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Robert Zimmerman is Interviewed about George Santos; Israel Strikes Islamic Jihad Target; Texas Gunman Had Neo-Nazi; Jens Stoltenberg is Interviewed about Russia's War. Aired 6:30-7a ET

Aired May 10, 2023 - 06:30   ET



ROBERT ZIMMERMAN (D), FORMER NY CONGRESSIONAL CANDIDATE LOST RACE TO GEORGE SANTOS: Hold the Republicans accountable for keeping George Santos in Congress. That's really the bottom line here. I want to see much more aggressive work done and I want to see - and I think we have to invest in local media much more aggressively too to make sure they're supported.

PHIL MATTINGLY, CNN ANCHOR: Let's talk about going forward. You mention the four seats that went Republican.


MATTINGLY: I mean New York was the majority maker for Speaker Kevin McCarthy.

ZIMMERMAN: Absolutely right.

MATTINGLY: There's no doubt about it. George Santos is one of those. The other Republicans who flip seats or won Biden districts in New York have all, almost to a person, come out.


MATTINGLY: And attacked Santos, said he should resign, said he should be removed. It's very clear in the district.


MATTINGLY: The Republican leaders feel that way as well. He's clearly not going anywhere. The speaker has not asked for him to leave. Why?

ZIMMERMAN: Well, you know, look, at the end of the day, Kevin McCarthy is going to have to make a decision about whether he wants to stand up for the integrity of his institution or protect George Santos. And it's very clear in a Republican Party, where Donald Trump is the front-runner for president and Marjorie Taylor Greene's in House leadership, that they're not embarrass by George Santos and they don't feel the urgency to hold him accountable for the crimes and lies he's already committed.

But you made an important point, Phil, in the earlier part of the show. He's -- Santos is more than just a late-night punch line or a Washington topic. We are suffering in our congressional district because we don't have a member of Congress. And we have - and we don't have a congressional office addressing issues like affordability or getting funding in our district for infrastructure. These are critical issues. Making our community safer. This is where we need a strong, congressional voice. And that's what's so critical in our district and it's missing.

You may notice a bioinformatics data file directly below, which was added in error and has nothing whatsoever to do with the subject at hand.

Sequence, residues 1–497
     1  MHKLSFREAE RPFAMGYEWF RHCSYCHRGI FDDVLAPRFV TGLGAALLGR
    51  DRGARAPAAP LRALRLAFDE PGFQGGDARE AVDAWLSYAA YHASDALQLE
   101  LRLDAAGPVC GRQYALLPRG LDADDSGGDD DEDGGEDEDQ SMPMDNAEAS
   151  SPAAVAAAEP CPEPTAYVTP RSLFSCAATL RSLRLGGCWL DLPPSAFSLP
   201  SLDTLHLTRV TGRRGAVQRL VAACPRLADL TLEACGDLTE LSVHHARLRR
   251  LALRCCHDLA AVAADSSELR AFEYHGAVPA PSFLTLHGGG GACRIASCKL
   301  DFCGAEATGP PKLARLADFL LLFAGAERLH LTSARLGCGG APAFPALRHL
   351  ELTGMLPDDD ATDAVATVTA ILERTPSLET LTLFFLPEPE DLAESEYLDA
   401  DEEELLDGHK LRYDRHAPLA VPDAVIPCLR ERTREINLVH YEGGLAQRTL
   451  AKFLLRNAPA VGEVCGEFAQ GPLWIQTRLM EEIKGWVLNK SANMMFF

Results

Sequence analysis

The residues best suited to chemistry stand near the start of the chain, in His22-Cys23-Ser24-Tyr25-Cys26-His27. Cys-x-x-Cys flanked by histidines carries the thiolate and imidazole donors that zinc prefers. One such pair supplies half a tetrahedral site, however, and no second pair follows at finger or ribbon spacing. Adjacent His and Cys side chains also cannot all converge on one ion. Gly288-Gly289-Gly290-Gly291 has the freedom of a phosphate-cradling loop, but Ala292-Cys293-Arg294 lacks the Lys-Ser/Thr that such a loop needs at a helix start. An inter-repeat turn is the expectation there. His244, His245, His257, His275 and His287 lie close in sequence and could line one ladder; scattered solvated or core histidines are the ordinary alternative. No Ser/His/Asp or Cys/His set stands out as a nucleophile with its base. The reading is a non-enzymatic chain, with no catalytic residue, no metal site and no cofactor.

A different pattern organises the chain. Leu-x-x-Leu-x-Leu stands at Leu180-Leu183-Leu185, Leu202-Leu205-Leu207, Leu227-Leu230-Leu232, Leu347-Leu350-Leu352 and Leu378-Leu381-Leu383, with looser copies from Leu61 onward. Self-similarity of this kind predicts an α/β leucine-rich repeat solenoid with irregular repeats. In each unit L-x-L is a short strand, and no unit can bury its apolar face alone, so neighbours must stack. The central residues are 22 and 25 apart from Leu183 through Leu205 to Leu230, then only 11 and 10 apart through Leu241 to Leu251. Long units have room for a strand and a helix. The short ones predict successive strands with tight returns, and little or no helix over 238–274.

I spent a good part of my time taking casework questions from so many constituents or local government groups that need assistance and we're trying to help them. But this is serious business, not having a member of Congress who's addressing the real needs of the people of our district, yes.

POPPY HARLOW, CNN ANCHOR: Are you going to run again?

ZIMMERMAN: You know, my only focus, Poppy, and we've talked about this before, is making sure that George Santos is expelled from Congress and holding those accountable who refuse to do it. And that's my focus. After that we'll look at the - we'll look at the political agenda when we have a political agenda. Right now it's about public service. Right now it's about holding him accountable and holding the Republicans accountable to get him out.

HARLOW: I do think the note about local media, it was some of those smallest papers that pointed some of this stuff out.

MATTINGLY: They - they were breaking the news and writing the news.

ZIMMERMAN: That's right. They were. And we were - and we were circulating -

MATTINGLY: And I think as much as - as much as there was an autopsy on the validity of oppo research, who had what files, who was doing what -


MATTINGLY: It was also, I think, the national media looking around and saying, oh, this was actually reported. They do break these - these stories. Yes.

HARLOW: What did we miss? Yes.

ZIMMERMAN: We took those local stories and we sent them everywhere, gave them out door to door, distributed them everywhere we could.

MATTINGLY: Yes. It's -

ZIMMERMAN: Obviously, it was a frustrating time but it's more important now to move forward and try to regain the integrity of our system.


MATTINGLY: Yes, that's -- Robert Zimmerman, thanks so much for coming in. We appreciate it.

ZIMMERMAN: Thank you very much.

HARLOW: Thank you.

MATTINGLY: And a quick programming note, Kaitlan Collins will moderate an exclusive CNN town hall with former President Trump. It airs live tonight from New Hampshire at 8:00 p.m. Eastern.

HARLOW: This morning we are learning new details about a gunman who opened fire at that mall in Texas this weekend, murdering eight people, more still in the hospital. We're live on the ground with what investigators have found.



HARLOW: New this morning, we're learning of strikes in Gaza carried out by Israeli defense forces.

Our Elliott Gotkine joins us from Jerusalem.

Elliott, what can you tell us? We've been hearing sirens blaring.

ELLIOTT GOTKINE, JOURNALIST: Indeed, Poppy, sirens sounding in the communities around the Gaza Strip and in cities such as Ashkelon, just a few kilometers north of the strip. The CNN producer in Gaza telling us that more than six - sorry, that six rockets, more than six rockets were fired from the Gaza Strip towards Israel.